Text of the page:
Sjusjøen Recap

Finally, the World Cup season is under way. The individual 10/15km freestyle races this past weekend had some predictable performances (the Norwegian women) and some not so predictable performances (Swedish men).

Men

Let’s focus on just three of the men with notable performances on Saturday:

Definitely strong races for each of these guys, but there are some differences. Note that in Johan Olsson’s case, the past three seasons have seen him more or less plateau, and maybe even fall off a bit. He hasn’t laid down an effort quite like that in some time. Given his age and the trend over the past few seasons, I’d guess that we aren’t going to see Olsson pull this rabbit out of his hat each weekend, but you never know.

Calle Halfvarsson, on the other hand, is quite young, only around 22 I believe. For some reason I had it in my head that he was more of a sprinter, but looking back at his results I see now that he’s not quite that lopsided. He has racked up a 1st and 5th place in the WJC sprints, and several top 30 appearances in WC sprints, once as high as 9th. His distance results haven’t looked quite as impressive, but they certainly haven’t been poor. One interesting point to make is that after some strong WJC results, Halfvarsson had some strong results in WC races last season, including the sprints I mentioned. But he didn’t fare well at U23’s last year, finishing 23rd, 25th and 27th. This is a good reminder that you can’t put too much emphasis on a single set of championship level races in evaluating skiers.

All that said, this Saturday’s race was clearly out of the ordinary for him. I’d guess this performance is a good sign for him, but I wouldn’t expect him to do this every weekend this year. Even if this is his best result of the season, and the rest of his races fall between this performance and his median from last year, that would represent an enormous jump.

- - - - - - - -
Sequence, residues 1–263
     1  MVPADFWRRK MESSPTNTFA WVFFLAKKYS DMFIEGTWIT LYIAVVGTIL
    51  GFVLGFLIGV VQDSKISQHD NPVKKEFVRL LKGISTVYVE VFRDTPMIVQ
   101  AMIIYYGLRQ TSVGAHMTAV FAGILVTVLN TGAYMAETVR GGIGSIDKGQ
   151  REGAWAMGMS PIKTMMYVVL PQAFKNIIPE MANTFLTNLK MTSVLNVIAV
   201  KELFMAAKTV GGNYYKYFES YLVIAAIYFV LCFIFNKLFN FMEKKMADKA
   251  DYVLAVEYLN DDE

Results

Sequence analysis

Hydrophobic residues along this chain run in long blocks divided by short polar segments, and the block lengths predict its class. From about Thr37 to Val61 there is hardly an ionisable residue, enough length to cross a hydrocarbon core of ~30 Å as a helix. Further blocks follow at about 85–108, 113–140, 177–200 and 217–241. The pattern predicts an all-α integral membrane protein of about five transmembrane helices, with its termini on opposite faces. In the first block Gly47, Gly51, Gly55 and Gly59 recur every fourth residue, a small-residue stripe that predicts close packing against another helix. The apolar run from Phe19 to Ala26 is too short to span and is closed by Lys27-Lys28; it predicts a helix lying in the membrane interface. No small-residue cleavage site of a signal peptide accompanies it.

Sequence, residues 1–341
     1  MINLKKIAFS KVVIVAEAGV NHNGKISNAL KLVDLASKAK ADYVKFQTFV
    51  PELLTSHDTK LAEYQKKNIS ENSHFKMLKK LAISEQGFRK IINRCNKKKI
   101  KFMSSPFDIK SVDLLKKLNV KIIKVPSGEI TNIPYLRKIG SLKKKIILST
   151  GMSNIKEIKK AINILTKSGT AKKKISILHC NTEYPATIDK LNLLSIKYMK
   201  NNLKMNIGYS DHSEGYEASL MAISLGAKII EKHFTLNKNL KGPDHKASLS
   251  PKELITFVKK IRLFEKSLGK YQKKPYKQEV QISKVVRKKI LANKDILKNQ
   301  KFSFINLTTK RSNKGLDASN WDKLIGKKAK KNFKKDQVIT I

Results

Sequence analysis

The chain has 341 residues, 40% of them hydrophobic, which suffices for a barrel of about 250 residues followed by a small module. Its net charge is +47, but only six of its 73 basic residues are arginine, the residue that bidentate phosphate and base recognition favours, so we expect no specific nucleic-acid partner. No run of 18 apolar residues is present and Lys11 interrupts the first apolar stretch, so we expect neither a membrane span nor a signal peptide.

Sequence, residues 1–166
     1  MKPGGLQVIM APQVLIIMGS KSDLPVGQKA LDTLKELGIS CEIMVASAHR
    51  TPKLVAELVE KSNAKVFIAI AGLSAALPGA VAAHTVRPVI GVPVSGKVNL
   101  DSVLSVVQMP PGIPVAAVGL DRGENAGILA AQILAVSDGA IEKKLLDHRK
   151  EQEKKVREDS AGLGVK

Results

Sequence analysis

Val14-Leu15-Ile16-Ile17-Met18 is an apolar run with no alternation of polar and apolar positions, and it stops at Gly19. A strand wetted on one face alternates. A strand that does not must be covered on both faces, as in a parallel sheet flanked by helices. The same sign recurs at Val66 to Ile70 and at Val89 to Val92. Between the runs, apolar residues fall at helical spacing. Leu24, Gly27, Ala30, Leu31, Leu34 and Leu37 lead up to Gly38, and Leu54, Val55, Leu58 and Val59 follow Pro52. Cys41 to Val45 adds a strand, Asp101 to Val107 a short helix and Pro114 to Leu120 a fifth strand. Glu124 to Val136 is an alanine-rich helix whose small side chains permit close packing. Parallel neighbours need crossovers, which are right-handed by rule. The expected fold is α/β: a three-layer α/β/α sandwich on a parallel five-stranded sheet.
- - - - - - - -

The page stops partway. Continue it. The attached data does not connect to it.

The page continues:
There was plenty of excitement about Alex Harvey’s 5th place, particularly on this side of the Atlantic. In contrast with Olsson and Halfvarsson, though, this result doesn’t look nearly as extreme for Harvey. If anything, I’d call this a strong race, but not at the outer limits of what he’s shown before. That’s why I’m taking Alex Harvey very seriously this season. Read more

New Statistical Skier Features

I’ll have a post up on Wednesday with some items from this weekends World Cup races. But I’ve been busy over the off-season and the site has seen some fairly major changes, so I need to take a second to describe what’s new.

First, some general housekeeping. Regular readers may notice that I’m going to keep to a rigid posting schedule this winter of Mon-Wed-Fri (hopefully, this will appease the haters). There are several reasons for this, but mostly I’m just a lot busier. I’m working full-time instead of part-time and the Statistical Wife and I are expecting our first kid any week now. So, I’m going to have my hands full this winter!

Second, I need to acknowledge the enormous contribution that Brayton Osgood, (former professional ski racer, current Dartmouth College DTeam coach, all around great guy)  has made to this site. I haven’t mentioned his presence here before, but he’s been invaluable in much of the behind the scenes web stuff. While I’m ultimately responsible for all the content on the site, Brayton has also been an important sounding board while I’m writing posts and analyzing data. I get the lion’s share of the attention for this site, but Brayton is very much a part of the Statistical Skier team. Credit where credit is due.